Paul Marks holds the line in his worthy ongoing mission to rubbish Keynesianism
Some time ago I sent in a blog claiming two things – first that many of the doctrines of Keynesianism were nonsense, and secondly that one did not need to be an Austrian economics person to see this.
I have had some replies to what I wrote. No one has claimed that one needs to be an Austrian school person to see there is something very wrong with Keynesianism (that no one claimed this surprised me – but then I am an Austrian school person myself).
Some people opposed my opinion that Keynesianism is nonsense (and opposed my strong language with strong language of their own). However, no one has produced any evidence in favour of Keynesianism – either directly or via the books they have suggested I read.
Such concepts as the ‘multiplier’ (presented in almost all basic economics text books) remain without argument in their defence. The idea that government can help the economy by (for example) issuing money and using this money to buy sand and hire people to shovel this sand into the sea, is absurd. To teach such doctrines someone must either be a knave (someone who teaches something he does not believe), or a fool (someone who believes nonsense).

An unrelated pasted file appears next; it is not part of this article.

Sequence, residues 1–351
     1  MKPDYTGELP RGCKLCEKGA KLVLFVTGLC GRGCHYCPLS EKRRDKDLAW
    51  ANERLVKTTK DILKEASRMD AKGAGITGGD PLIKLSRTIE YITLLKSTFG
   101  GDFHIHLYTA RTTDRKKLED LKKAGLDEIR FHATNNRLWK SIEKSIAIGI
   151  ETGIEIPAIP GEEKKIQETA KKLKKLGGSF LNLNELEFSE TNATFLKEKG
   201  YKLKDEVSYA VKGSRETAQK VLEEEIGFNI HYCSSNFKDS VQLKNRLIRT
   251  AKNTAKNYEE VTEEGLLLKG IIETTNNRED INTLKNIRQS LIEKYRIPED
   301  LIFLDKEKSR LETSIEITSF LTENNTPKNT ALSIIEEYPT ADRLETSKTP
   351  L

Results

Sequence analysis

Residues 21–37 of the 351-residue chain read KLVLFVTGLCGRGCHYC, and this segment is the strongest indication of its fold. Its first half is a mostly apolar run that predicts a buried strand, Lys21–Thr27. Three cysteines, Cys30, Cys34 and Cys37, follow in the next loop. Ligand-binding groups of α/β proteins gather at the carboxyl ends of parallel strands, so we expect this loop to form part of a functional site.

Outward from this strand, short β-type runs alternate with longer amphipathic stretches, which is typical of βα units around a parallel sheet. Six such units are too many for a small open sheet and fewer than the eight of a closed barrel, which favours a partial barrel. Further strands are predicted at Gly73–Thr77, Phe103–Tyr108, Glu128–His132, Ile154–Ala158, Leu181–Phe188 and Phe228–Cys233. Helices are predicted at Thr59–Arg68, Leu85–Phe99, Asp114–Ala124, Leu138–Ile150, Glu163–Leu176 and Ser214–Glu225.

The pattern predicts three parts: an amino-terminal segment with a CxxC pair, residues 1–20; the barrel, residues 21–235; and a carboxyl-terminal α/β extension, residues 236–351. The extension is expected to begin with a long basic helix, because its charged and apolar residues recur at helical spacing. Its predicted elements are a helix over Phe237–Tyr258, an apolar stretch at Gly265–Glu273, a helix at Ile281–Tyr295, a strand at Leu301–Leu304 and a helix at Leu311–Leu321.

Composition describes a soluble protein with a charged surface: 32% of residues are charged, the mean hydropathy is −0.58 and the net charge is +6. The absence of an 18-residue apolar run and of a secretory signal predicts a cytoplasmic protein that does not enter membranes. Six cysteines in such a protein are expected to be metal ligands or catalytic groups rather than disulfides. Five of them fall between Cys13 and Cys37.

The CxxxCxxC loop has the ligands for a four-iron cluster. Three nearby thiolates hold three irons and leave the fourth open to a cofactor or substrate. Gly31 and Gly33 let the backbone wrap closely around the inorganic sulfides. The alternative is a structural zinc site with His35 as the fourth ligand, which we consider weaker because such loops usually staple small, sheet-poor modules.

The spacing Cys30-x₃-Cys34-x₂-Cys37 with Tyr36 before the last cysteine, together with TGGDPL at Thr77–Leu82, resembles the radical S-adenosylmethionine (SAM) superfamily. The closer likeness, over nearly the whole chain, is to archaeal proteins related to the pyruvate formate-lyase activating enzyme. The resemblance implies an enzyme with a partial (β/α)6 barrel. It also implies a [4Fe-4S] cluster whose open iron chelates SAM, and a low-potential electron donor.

Of course even if one insisted that government ‘investment’ actually be about buying capital goods (rather than ‘investment’ simply being another word for government spending) the idea would still make no sense – investment must be based on real saving (not credit money games).
It is tragic that fallacies refuted by such men as Bastiat almost two centuries ago (such as the fallacy of the broken window) are treated as ‘scientific’ by the vast majority of basic economics text books (often with lots of formulas and pseudo scientific language shoved in to try and hide the basic absurdities).
Even as I type this many nations in the world are undergoing rapidly rising prices (and prices rising at an increasing rate) whilst at the same time these nations have falling output and rising unemployment. If Keynesianism means anything the above should not be possible.
An Austrian economics person does not rely on empirical examples, but such examples are noteworthy. When one sees the rising inflation, falling output and rising unemployment of such nations as Venezuela and Argentina the concepts of Keynesianism fall apart. As some of these nations export oil and some import oil the idea that ‘oil shocks’ are a magic way out for the Keynesianism falls apart also.
When I see that most undergraduate textbooks that do not have concepts such as the various ‘multiplier’ in them (or treat such concepts with the contempt they deserve) then I will apologise for being too hard on the economics profession. I would apologise if even ONE textbook recommended at a British state university exposed such concepts as nonsense.
As far as I am aware no apology is in order at this time.